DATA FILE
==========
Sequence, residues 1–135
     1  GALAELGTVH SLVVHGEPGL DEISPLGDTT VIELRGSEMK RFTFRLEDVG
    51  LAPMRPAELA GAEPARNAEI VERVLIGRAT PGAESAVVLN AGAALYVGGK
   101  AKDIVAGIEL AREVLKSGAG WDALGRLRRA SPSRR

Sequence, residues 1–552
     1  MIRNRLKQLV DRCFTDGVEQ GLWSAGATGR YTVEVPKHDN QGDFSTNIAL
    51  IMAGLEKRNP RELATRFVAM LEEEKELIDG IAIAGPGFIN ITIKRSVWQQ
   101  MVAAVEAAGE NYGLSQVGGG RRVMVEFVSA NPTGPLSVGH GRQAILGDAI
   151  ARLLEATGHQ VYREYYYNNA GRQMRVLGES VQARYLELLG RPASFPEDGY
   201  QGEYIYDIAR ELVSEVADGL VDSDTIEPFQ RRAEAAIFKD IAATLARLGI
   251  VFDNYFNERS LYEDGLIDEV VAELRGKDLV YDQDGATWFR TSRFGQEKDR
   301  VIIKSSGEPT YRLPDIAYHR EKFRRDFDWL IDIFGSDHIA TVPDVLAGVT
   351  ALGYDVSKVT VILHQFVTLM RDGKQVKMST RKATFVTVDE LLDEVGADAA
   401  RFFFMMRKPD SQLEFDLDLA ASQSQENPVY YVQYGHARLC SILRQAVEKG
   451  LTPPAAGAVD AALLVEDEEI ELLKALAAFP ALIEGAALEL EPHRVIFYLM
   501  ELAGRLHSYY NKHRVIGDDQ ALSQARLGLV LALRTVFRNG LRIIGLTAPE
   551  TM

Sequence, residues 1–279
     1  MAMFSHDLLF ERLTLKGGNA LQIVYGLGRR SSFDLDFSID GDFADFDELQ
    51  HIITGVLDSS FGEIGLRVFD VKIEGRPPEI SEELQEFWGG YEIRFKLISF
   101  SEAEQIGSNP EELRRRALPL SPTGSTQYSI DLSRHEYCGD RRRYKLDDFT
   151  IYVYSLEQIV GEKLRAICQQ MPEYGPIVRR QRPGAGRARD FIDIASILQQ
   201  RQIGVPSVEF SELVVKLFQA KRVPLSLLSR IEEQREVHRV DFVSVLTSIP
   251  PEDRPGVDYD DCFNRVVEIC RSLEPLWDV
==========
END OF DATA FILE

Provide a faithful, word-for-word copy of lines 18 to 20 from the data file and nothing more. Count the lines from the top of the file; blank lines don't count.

Sequence, residues 1–279
     1  MAMFSHDLLF ERLTLKGGNA LQIVYGLGRR SSFDLDFSID GDFADFDELQ
    51  HIITGVLDSS FGEIGLRVFD VKIEGRPPEI SEELQEFWGG YEIRFKLISF